Over the past three decades, the highest incomes in the U.S. have risen dramatically, and that has appropriately received lots of attention. At the same time, however, these high incomes have also become much more volatile, and that has gone almost unnoticed.
Conventional wisdom suggests that low-income households experience the greatest changes in response to macroeconomic conditions -- their income falls the most when the economy weakens, and it picks up the most when the economy recovers.
That conventional wisdom is in need of some updating. Today, the impact of macroeconomic events on household incomes forms a U-shaped curve -- it is greatest at the bottom and the top of the income distribution and smallest in the middle.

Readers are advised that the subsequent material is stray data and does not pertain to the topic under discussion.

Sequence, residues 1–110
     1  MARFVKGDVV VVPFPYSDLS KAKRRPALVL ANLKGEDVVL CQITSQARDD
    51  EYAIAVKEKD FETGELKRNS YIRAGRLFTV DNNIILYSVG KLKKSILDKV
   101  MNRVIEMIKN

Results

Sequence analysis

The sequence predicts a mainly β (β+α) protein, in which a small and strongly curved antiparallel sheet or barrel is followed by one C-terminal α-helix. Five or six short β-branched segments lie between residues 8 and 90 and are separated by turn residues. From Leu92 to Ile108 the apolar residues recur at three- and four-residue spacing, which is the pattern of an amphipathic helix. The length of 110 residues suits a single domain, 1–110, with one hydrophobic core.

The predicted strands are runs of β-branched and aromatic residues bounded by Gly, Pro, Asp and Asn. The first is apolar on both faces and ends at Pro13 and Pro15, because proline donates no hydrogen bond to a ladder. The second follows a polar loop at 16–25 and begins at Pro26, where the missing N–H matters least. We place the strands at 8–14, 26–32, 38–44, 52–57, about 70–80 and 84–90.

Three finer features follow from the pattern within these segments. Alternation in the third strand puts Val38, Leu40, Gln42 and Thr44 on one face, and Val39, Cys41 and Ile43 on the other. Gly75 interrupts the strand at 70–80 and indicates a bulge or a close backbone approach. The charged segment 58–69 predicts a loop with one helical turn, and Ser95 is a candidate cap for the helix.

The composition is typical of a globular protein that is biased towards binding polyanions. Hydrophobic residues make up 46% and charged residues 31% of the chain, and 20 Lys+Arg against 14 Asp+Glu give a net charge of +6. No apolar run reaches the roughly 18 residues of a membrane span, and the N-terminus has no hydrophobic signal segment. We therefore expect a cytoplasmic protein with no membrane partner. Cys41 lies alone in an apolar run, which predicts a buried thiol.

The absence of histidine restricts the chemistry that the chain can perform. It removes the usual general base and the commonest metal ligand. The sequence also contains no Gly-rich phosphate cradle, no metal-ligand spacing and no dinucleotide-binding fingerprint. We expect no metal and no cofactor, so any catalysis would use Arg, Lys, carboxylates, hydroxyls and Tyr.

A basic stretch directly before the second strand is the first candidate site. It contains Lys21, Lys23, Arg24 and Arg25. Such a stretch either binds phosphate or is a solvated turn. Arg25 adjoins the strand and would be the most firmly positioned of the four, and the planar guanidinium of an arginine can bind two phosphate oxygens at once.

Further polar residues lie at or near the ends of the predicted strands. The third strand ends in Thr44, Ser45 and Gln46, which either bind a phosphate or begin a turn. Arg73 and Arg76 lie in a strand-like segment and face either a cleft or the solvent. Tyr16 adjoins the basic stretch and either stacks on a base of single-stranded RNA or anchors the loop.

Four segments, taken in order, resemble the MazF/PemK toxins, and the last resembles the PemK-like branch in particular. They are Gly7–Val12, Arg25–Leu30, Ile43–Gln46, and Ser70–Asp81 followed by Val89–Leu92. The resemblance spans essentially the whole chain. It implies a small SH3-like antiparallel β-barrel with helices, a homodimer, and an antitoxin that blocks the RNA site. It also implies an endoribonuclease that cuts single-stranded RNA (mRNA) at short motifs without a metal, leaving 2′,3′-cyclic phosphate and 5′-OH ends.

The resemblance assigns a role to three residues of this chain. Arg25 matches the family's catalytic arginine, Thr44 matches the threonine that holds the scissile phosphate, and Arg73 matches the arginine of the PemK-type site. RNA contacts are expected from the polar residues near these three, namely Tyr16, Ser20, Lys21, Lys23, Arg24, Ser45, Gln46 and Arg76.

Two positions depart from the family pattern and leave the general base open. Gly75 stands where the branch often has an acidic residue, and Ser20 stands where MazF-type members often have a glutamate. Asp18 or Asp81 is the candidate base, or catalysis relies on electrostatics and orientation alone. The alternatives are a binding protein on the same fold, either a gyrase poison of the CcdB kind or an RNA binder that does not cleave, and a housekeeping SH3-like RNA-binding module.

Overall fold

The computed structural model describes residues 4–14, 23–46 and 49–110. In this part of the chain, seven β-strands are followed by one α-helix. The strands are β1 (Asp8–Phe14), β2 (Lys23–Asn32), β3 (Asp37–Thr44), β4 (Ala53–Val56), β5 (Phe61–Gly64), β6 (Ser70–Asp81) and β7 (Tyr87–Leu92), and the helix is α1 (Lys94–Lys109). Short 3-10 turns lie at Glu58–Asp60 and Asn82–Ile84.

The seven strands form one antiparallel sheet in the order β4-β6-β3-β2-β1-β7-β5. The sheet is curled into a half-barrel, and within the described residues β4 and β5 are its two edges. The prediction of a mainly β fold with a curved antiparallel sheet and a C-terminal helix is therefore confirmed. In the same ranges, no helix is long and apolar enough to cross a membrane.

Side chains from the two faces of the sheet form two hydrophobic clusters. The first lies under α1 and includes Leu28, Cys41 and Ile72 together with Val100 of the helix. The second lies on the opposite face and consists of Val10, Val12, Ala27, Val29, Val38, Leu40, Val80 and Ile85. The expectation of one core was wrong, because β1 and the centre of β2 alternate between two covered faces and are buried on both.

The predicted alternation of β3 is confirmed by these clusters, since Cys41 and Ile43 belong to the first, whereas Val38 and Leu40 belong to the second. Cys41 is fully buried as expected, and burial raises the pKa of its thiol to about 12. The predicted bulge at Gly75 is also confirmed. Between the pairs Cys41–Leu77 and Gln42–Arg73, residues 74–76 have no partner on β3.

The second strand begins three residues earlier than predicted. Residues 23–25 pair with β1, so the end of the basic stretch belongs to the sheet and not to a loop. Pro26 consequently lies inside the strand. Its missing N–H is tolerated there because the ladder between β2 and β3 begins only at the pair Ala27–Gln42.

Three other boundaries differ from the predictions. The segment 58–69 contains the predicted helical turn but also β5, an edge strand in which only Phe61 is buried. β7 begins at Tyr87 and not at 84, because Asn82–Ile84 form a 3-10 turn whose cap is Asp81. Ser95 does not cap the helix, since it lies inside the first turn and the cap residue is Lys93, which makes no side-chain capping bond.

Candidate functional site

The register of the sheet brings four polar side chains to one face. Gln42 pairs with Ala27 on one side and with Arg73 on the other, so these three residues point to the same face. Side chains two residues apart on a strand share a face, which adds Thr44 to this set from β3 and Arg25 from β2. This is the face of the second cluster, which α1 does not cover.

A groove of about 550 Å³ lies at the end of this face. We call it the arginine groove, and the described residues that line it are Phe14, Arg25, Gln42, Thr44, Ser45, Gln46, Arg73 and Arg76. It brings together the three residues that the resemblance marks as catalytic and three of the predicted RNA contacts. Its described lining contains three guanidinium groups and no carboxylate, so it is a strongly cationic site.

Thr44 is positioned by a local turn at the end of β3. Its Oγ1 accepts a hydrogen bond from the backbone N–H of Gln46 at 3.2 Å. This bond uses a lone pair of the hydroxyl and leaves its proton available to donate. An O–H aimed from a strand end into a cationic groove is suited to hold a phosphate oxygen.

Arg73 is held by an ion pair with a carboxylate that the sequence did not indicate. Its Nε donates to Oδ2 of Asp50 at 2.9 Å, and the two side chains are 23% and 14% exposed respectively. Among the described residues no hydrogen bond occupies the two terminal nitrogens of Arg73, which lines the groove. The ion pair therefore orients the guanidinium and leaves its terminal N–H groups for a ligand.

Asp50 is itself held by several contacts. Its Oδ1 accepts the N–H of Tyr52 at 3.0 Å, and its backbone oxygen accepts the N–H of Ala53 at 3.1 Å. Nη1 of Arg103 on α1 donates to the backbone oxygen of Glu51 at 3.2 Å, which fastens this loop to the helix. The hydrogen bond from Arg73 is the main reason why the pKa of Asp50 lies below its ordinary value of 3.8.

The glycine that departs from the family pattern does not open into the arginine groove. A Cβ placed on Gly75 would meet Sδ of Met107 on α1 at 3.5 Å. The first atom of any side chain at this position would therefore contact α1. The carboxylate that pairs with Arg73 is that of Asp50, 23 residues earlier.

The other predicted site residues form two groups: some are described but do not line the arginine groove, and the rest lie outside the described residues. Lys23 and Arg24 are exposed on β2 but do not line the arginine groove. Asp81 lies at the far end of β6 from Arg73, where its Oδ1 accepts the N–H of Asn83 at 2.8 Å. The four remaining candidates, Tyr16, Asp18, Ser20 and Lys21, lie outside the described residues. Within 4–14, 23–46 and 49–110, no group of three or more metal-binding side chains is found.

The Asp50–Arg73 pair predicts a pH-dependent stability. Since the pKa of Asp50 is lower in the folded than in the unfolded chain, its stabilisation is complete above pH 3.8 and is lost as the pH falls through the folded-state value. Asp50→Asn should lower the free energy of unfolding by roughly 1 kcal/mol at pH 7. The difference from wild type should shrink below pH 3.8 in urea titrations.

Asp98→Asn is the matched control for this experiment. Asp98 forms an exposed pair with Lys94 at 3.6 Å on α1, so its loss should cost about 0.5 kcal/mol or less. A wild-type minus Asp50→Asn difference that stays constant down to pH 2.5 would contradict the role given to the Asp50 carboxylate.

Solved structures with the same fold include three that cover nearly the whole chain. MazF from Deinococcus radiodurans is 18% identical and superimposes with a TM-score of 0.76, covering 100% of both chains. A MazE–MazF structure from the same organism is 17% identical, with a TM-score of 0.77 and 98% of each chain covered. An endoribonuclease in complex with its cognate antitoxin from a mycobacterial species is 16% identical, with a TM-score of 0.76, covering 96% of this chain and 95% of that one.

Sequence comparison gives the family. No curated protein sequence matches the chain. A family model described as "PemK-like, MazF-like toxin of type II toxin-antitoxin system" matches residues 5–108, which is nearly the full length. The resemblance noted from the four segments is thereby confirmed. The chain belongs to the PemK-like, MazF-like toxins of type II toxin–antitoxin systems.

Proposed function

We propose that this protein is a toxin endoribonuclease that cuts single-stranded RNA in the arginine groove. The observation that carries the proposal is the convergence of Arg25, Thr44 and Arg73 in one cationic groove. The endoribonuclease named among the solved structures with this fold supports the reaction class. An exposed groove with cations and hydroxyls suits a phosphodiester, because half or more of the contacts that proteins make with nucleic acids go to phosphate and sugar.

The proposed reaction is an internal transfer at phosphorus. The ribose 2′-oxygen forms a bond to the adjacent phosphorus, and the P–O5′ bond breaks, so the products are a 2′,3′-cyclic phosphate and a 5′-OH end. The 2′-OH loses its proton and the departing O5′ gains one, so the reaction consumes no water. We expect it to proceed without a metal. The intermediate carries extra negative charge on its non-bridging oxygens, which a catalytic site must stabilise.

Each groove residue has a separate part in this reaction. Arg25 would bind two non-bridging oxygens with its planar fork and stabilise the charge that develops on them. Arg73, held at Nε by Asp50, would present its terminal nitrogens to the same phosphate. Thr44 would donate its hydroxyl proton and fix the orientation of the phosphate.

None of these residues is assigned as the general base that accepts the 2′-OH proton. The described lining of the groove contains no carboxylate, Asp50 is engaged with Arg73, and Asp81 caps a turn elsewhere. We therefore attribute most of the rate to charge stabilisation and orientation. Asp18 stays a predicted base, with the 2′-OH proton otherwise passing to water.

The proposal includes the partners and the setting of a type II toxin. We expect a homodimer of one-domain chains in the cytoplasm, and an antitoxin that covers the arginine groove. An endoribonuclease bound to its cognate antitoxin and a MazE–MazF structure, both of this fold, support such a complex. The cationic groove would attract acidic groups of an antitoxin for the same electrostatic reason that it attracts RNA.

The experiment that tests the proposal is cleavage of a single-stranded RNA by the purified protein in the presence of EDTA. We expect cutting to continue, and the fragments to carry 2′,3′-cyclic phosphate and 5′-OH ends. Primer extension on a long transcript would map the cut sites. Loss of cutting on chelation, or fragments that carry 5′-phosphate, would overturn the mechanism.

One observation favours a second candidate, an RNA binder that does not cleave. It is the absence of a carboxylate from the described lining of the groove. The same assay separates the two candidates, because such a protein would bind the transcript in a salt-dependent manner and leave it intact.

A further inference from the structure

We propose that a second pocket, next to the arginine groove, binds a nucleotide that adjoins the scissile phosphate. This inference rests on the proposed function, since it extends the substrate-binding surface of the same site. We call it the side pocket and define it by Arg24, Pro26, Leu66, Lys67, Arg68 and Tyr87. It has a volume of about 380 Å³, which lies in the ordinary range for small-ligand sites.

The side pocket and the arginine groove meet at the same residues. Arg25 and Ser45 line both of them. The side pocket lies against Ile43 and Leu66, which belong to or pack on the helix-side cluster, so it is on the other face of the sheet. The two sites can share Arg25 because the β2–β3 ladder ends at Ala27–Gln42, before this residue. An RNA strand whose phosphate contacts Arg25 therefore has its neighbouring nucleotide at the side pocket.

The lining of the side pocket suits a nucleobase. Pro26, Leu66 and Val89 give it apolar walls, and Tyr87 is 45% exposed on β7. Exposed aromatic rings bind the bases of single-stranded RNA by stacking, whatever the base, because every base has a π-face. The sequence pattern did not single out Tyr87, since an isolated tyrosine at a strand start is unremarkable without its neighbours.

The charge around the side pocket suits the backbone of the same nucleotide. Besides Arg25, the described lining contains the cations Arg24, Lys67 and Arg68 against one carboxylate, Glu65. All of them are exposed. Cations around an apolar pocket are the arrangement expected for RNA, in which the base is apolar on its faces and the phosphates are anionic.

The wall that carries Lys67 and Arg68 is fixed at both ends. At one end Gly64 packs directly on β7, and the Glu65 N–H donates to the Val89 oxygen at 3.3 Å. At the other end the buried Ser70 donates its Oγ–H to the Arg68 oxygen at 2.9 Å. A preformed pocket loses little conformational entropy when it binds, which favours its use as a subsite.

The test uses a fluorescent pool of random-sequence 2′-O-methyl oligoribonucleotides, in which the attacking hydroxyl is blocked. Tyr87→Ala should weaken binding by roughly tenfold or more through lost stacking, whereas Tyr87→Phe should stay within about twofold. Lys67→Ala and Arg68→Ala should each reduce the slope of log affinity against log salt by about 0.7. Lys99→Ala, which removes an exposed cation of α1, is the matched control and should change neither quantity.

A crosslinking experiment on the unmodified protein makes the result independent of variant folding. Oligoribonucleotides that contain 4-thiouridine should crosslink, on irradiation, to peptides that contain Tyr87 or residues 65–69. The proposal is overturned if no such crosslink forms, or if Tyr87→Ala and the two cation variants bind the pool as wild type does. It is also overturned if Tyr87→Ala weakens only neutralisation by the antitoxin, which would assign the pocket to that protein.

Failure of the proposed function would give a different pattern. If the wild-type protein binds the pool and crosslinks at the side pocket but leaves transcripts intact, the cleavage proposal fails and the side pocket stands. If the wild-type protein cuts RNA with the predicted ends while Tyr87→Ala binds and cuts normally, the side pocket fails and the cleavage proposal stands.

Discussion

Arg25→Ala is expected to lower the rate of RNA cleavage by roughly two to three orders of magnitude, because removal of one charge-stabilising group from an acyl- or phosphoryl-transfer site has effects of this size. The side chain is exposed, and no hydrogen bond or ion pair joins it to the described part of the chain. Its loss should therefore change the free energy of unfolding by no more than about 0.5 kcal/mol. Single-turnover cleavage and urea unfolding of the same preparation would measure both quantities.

The strengthening link between high incomes and macroeconomic activity provides some insight into a stunning set of statistics: In 2010, according to research by Emmanuel Saez, an economist at the University of California, Berkeley, households in the top 1 percent of income distribution accounted for an astonishing 93 percent of aggregate income gains. During the slump from 2007 to 2009, according to the same data set, that group also accounted for a very large share of aggregate income losses -- almost half of the total decline.
The tighter connection of the affluent to the macroeconomy isn't limited to income. The Bloomberg same-store retail-sales indexes show a disproportionate decline for high-end stores in 2009, and then particularly rapid growth since 2010.